The thing is though, it’s also easy to say ‘ah it doesn’t matter’ one too many times.  Sometimes it does matter, and sometimes you just have to get a grip and suck it up, whatever ‘it’ is and however unpleasant it may be.  Late nights slogging over uni work that I never want to set eyes on again, I’m looking at you.  I’m probably going to get some flack for saying this, but I feel like in some ways the whole ‘self care’ movement (is it a movement?) has gone a little too far.  Emily explained the problem with being too kind to ourselves so well in this blog post ‘Too much self care‘ so I’m going to point you in that direction for a better version of what I’m trying to articulate, but… unfortunately the world doesn’t revolve around us all ‘looking after ourselves’.  It kinda feeds into the stereotype of millennials being lazy sods.  Running a bath and taking an afternoon to cleanse your soul sadly doesn’t get the job done.

It’s a fine line that I most definitely struggle with myself.  I’m currently studying full time whilst blogging and modelling, and go from one minute feeling like I’m doing ok and should just take a complete day off, to the next minute feeling like I’m about to fail my exams and should just give up blogging already.  I come home from a full day’s shoot and think ‘I’ve done a long day, let’s just chill out now‘ and then the other voice tells me that ‘that uni assignment isn’t going to write itself’.  I’m sure you can replace these with your own examples.  Both voices (talking metaphorically again here, I’m not schizophrenic) are telling the truth.  Neither is more righteous than the other.  Knowing when to listen to each is the difficulty.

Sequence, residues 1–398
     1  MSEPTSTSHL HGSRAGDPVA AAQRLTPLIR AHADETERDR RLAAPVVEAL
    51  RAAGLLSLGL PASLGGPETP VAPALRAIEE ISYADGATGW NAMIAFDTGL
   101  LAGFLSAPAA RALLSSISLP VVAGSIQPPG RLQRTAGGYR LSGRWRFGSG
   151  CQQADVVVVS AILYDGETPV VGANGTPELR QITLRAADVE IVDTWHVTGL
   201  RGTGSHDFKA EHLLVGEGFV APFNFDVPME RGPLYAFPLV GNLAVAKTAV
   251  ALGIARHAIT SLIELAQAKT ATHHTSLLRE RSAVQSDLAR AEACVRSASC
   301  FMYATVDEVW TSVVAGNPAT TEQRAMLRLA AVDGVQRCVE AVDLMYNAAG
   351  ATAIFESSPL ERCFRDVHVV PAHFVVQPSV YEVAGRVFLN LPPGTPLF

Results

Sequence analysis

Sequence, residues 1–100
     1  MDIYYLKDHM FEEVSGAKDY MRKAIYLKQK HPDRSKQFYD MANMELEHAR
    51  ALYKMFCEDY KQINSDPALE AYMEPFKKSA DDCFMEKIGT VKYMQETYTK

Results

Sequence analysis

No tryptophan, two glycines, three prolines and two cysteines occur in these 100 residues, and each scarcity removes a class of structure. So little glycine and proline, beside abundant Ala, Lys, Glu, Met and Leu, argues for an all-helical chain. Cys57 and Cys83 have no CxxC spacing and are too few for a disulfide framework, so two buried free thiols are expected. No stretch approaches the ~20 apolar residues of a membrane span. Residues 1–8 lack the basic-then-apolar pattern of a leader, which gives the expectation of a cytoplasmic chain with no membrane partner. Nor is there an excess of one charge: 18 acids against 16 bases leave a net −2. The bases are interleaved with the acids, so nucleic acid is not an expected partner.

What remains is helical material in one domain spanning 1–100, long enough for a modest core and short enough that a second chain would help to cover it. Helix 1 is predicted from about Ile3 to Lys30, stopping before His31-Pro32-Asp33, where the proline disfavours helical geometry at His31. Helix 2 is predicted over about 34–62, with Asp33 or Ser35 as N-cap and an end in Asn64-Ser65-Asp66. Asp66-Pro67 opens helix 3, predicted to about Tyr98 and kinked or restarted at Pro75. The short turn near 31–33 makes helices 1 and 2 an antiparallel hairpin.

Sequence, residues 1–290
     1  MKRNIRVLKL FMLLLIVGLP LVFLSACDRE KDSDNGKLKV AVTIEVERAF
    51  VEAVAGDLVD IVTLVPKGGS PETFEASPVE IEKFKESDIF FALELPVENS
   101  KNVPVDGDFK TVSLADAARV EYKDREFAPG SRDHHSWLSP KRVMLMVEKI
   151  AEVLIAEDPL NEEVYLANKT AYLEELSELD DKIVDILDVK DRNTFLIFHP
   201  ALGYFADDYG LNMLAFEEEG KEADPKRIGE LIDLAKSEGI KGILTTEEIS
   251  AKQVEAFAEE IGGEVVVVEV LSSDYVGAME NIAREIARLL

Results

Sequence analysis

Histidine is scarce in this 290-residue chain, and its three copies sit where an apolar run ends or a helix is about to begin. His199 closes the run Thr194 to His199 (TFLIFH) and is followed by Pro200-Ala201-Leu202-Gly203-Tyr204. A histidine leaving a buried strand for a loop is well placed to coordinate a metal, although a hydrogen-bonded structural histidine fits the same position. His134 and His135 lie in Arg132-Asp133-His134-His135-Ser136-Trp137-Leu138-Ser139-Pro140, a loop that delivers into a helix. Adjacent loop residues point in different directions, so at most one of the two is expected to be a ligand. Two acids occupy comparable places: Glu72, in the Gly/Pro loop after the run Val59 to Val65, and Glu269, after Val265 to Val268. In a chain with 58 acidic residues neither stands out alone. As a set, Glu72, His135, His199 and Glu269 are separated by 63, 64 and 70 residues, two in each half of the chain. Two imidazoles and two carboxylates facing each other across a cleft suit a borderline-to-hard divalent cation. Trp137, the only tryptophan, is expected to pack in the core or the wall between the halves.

Unsurprisingly I’ve reached the conclusion that dun dun dun… sometimes you should listen to one, and sometimes you should listen to the other.  Groundbreaking, I know!  I’ll start saying ‘you just have to find balance’ soon.  In reality I waste far too much time deciding whether I should try to squeeze a few more hours of productivity in or just chill the hell out, and well, that achieves nothing.  The answer is simply to sometimes push through and run yourself into the ground when necessary (even if you feel like shit for it), and sometimes just ignore the stuff you *should* be doing and zone out.  Sometimes you gotta ignore the to do list as long as your arm, because life’s to do list will never, ever be complete so you might as well have a night off anyway.  If you’re anything like me, those voices in your head will argue non stop, and sometimes you have to sit them in separate rooms and ignore one for a while.  Why not end with as weird a metaphor as I started with eh?

Lily Kate x

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  • Reply
    12th March 2018 at 1:58 pm